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General Database Strategy - Efficient storage of fitness data


Very new to SQL, and would very much appreciate a couple of pointers on proper database strategy for my application.

I'm desiging a mySQL database to store details on athletes and workout data
- Athlete info such as name, email, etc...
- Workout data
   * Top level summary - cumulative time, average heart rate
   * Detailed workout data includes sample time and instantaneous heart rate data (e.g. every 5 seconds or 10 seconds). Some workouts may include up to 4-5 different data types at this sampling rate, whereas other workouts will only have 1-2.

The database must be scalable, and robust enough to store thousands of athletes, each who may have hundreds of workouts, and each workout may have hundreds of datapoints. One obvious required table stores athlete particulars. What I'm less sure about is how to best and most efficiently store workout data.

For workout data, one table could include a top level summary of workouts: athleteID, cumulate time, average heart rate, etc... and other summary data.

My biggest question is how/where should I store the large amount of detailed workout data (e.g. hundreds of datapoints of sample time and heart rate).

If I create a single table to store ALL workout data points for all athletes and all workouts, it would seem to be an unmanageable table with millions of rows. It would require a dedicated column for workoutID, which seems a bit wasteful. Even more wasteful might be the fact that many workouts will only include 1-2 data types (fields), but others will have 4-5 - so lots of empty cells.

If I create a table for each workout, I could have thousands of workout tables. This seems complicated to create and recall so many tables, each with a different name (perhaps each named with a unique workoutID). I suppose in this case I would also need a place to store a growing list of workoutIDs for each athlete - and so my athlete table would become inefficient if I kept that a single table, since certain athletes would have many more workoutID columns than others.

Thanks so much for any general strategy tips.
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1 Solution
Kim RyanIT ConsultantCommented:
I would suggest that a single table to store ALL workout data points is the best way to go. This will give you more flexibility if you want to combine queries across more tha one athelete at a time. Gerneal dbase theory is that like concepts (workouts) should be stored in the same table. By providing a unique id you can always partion the results down to each work out, so they can still function as if they where seperate or virtual tables. It will be easier to manage  and back up the single table though.

If you are worried about space, look at efficient data sizing. For example, heart rate could be stored as an unsigned int, as your max value should not be more than 256 (I hope!) If you declare all columns as NOT NULL there is less overhead for empty values.

freag34Author Commented:
Thanks, some very good tips. A few follow-up questions so I understand the efficiency better:

 1) Say I use one large table for tens of millions of workout datapoints. One field would be sessionID - all datapoints from one session have the same sessionID. How fast (very rough ballpark) will it be to extract one set of a couple of thousand workout datapoints using a sessionID query from a table of tens of millions of rows? Tens of milliseconds, hundreds of milliseconds,more?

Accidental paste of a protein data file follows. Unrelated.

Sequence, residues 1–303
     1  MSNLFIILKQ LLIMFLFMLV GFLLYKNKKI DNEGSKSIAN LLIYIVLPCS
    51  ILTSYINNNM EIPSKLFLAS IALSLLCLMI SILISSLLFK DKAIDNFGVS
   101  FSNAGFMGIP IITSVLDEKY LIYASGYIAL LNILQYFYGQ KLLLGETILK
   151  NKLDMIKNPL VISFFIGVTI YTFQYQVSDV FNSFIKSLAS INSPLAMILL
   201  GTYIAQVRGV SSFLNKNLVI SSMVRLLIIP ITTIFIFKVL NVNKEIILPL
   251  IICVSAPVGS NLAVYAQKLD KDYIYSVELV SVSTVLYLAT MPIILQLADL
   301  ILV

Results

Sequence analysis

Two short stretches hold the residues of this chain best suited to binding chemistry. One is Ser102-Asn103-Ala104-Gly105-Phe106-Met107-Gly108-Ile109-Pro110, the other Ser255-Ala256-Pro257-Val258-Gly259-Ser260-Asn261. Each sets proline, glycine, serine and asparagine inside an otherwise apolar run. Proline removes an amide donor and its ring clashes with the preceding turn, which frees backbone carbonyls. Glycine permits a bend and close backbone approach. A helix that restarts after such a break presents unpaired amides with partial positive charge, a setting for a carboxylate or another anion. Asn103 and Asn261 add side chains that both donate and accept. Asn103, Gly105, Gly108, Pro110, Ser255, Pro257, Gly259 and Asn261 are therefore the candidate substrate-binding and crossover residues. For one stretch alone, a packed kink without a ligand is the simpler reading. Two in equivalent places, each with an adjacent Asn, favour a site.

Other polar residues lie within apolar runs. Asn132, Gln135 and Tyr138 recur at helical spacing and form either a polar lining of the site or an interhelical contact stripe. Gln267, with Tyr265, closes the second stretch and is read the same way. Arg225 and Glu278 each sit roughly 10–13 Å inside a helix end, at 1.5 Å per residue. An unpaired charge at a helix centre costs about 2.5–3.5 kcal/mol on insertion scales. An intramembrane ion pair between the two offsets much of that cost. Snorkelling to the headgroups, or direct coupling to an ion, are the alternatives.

2) Can my table go up to hundreds of millions of rows without concern? If that becomes a concern, I could reasonably easily reduce the table size by a factor of 26 by having 26 tables, one for each letter of the alphabet of user's last name? Is that a reasonable idea or newbie idea :)

With the previous advice in mind along with further research, I have come up with a proposed database. Can I please get some comments on the efficiency and reasonableness of the below:

      UserID      PRIMARY_KEY,
      SessionID      PRIMARY_KEY
      LapID      PRIMARY_KEY
      DataPointID      PRIMARY_KEY

Two Questions re: table above:

1) Under LAP, I propose having AveHR and AveSpeed to speed up obtaining this data. These numbers could be calculated from DATAPOINT queries, but I would like the user to have a near-instantaneous experience, and having summary data such as averages stored in LAP would help? Is this a reasonable idea?

2) Under DATAPOINT I propose having both LapID and SessionID. Only LapID would be strictly necessary because SessionID can be obtained from the LAP table, however having both would make for much easier queries on DATAPOINT I believe - for example to quickly obtain all datapoints from one session would only take one query instead of many. Is this reasonable?
Kim RyanIT ConsultantCommented:
1) I would guess at least 100s of milli seconds, possibly even a few seconds, as you are talking about a large amount of data. Of course it all depends how good your indexing, caching and hardware is, as well as how contiguous the data is.

2) My SQL can handle I think up to 4 billion rows. Its roguhgly the same amount of disk space, wether tables are split or not. Remember you can always archive off old data to a text back up. One apporach is to have a rolling window of say the last 100 days of data for speedy access. Then all the historical data preceeding this can be shunted to another database for the more complex queries that you can spend time wating for.

1) Yes, it is a good idea to store frequently accessed data. Even though it leads to redundant data, query speed is sometimes more important. This is referred to as denormilization.

2) Again a good idea. By doing this you allow for more relations between tables, the key to an effecient design.
freag34Author Commented:
thanks very much, great tips

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